I’ve got it all over Jane Goodall. To make friends with wildlife, she had to go to the deep, dark jungles full of crocodiles, tsetse flies, tents and very poor room service.

All I do is go home.

My friend Shelby and I trekked down south a few weeks ago to pick up Nikki the Tikimaus and The Princess Lola. We returned with two carrierfuls of terrified kitten yowling to be let O-U-T. We set the carriers on the floor of the cat isolation center (AKA the laundry room), unfastened the doors and stepped back, expecting to see two furry streaks running past.

Nope. Now the carriers were the safest, most snuggly places on earth. The kittens steadfastly refused to emerge for three hours, hissing and spitting if we came near, and spent the next three days hiding. And I learned the first of several important lessons: Pick a typical kitty trait, triple it, and you have a Savannah.

Nikki and Lola are Savannah kittens, a type of hybrid cat. That means that although they’re fully domesticated, gentle and friendly, there’s an African serval in their ancestry. A year or so ago I didn’t know such things existed, but apparently it’s not all that unusual for a “smallcat,”  i.e., a small wildcat, to interbreed with domestic cats.

When people assist, generally to create wild-looking cats and help reduce the trade in exotic animals, they call the result a hybrid cat. These are fairly new breeds, and Savannahs in particular seem to have a lot of variations.

My two probably exhibit the far ends of the Savannah spectrum. Lola is white with silver and black spots; an aerodynamic super-athlete who never stops playing and takes awhile to warm up to strangers. She can easily leap over my head, and she’s very into problem solving. If you don’t give her puzzles to work out, she’ll go make her own.

Nikki is a month older, is smaller and quieter than Lola. Although she’s a second-generation (F2) Savannah and therefore should be huge, a quirk in her genetics will probably keep her tiny for the rest of her life. She looks like a miniature bobcat, dark brown, grey and black, with chinchilla-soft fur where Lola’s is a bit wiry. And where Lola is skittish, Nikki is the social butterfly, always wanting a pet or three.

Nikki has about four times as much serval blood as Lola, which apparently contributes to radically different temperaments. Nikki doesn’t play, she hunts. Lola meows like a Siamese; Nikki chirps like a serval. Nikki, too, is a problem solver, but where Lola experiments until she gets it right, Nikki considers awhile, then does it.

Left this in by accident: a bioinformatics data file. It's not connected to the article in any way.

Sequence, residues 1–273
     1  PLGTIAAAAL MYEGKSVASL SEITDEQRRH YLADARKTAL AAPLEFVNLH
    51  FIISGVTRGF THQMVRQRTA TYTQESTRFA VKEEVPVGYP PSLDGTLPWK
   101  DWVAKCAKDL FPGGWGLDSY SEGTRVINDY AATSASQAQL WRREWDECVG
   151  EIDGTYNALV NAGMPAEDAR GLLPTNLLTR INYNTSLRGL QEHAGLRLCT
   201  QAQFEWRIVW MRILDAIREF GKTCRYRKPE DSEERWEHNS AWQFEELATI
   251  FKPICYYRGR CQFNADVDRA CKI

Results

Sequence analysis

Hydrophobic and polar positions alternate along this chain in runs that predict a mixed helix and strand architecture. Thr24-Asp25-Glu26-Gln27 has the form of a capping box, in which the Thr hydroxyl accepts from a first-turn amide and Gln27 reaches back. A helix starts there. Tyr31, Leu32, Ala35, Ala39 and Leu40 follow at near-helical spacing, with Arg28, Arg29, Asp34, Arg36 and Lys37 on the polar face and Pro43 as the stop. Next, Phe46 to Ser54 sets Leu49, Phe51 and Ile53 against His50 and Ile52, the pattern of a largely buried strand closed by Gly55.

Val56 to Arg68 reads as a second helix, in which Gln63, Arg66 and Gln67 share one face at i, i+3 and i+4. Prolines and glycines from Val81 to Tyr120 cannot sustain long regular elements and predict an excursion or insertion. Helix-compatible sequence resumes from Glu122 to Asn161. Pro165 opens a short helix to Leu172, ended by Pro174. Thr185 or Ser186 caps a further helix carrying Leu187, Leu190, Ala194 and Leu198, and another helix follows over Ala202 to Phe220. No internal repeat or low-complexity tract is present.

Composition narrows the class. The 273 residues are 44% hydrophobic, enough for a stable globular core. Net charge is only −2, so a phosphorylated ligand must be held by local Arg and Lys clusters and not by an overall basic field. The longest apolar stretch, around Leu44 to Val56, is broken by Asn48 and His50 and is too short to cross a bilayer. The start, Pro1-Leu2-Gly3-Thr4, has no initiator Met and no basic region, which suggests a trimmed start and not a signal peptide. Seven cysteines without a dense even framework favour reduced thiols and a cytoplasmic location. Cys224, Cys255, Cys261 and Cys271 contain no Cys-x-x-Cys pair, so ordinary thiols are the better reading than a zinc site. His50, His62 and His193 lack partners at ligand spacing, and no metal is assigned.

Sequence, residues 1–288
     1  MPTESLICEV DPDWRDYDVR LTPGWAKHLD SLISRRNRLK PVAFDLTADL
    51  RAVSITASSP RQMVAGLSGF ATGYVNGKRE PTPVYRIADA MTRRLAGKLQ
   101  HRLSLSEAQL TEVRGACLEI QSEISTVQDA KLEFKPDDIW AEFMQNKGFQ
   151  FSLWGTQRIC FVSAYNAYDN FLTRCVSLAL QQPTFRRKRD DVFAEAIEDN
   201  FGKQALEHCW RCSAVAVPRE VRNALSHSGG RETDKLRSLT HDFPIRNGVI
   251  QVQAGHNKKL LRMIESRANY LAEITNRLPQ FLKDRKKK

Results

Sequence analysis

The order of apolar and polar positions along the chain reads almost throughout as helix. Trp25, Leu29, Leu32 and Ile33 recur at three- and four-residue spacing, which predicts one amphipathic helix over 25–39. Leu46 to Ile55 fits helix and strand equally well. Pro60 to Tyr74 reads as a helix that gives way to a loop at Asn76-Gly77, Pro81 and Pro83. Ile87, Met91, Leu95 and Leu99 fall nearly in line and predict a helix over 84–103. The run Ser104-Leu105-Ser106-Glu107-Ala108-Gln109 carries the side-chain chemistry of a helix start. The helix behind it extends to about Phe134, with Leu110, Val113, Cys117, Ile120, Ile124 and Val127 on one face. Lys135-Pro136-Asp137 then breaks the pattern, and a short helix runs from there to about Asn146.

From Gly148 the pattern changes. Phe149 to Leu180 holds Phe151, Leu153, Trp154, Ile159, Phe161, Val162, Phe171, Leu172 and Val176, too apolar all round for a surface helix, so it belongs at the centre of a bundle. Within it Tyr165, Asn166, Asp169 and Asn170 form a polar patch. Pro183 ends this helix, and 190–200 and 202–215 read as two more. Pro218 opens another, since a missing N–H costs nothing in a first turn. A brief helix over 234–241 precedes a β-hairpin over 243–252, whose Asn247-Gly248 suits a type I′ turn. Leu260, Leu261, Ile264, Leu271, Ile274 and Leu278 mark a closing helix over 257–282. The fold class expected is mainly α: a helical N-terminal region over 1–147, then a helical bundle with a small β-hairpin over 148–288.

Both are packrats, snatching anything they fancy and carrying it off to a stash. Lola likes eyeglasses, underwear and tools. Nikki prefers rugs, empty containers and glass pendants–I caught her dragging Dolores Barrett’s beautiful orb necklace and nearly had a heart attack.

They occasionally indulge in pure kitten behavior:

We’ve been getting to know each other, and I’ve been learning a lot about catproofing a house, raw food diets (I’d tell you about how we discovered that these two don’t tolerate commercial catfood well, but it would definitely be TMI), and the rapid, collaborative editing of my art collection.

More on that later. In the meantime, I’m getting kinda attached to these guys.

Jim with one of his Bengal cats

*Savannahs and other hybrid cats

The Bengals trained by Jim in Pioneer Square (left) came from studies done on offspring of wild Asian Leopard Cats and domestic cats, I’m told, which occurred naturally in the wild and frequently happened in zoos around the world.

A lady named Jane Sugden, appalled by the decimation of big cats for the luxury trade, reviewed the studies and decided to create a “rosette-spotted domestic cat” to satisfy richfolk appetites for exotic-looking pets. As aside benefit, she figured that people would be less likely to buy fur coats if they resembled the neighbor’s cat.

The result was the Bengal cat. Bengals led to the bigger and wilder-looking Savannahs. which descend from a cross between a serval and a Siamese cat.


Servals look like miniature cheetahs, with short, fat tails, huge ears and tiny heads on long, rangy bodies. Like Asian Leopard Cats, they have been known to mate with domestic cats in the wild, but that’s less likely to happen than with Asian Leopard Cats.

Savannahs are the biggest of the domestic cats, very long-legged, although each successive generation away from their serval ancestor shrinks them back toward domestic size. Like servals, they exhibit lots of different coat colors and patterns. The ones I’ve met so far are more like dogs than cats, extremely social, very intelligent and apt to do stuff like leap 8 feet from a standstill or try to balance on the tops of doors.

They often chirp instead of meow, they like to solve puzzles and walk on leashes, and as far as mice are concerned, they’re superpredators. Like their wildcat ancestors, they frequently lack a protein in their saliva that is responsible for some human allergies to cats.


I must admit ambivalence about the whole hybrid cat-on-purpose thing when so many domestic cats need homes (and I expect to take a bunch of flak for making this choice).

But I do love the personalities of Savannahs, and these two–the great-great-great-something of that initial Serval/Siamese cross–needed a home. I hope that they will exhibit enough of the other Savannah traits (especially the no-allergy part) so that they can finally become part of my family.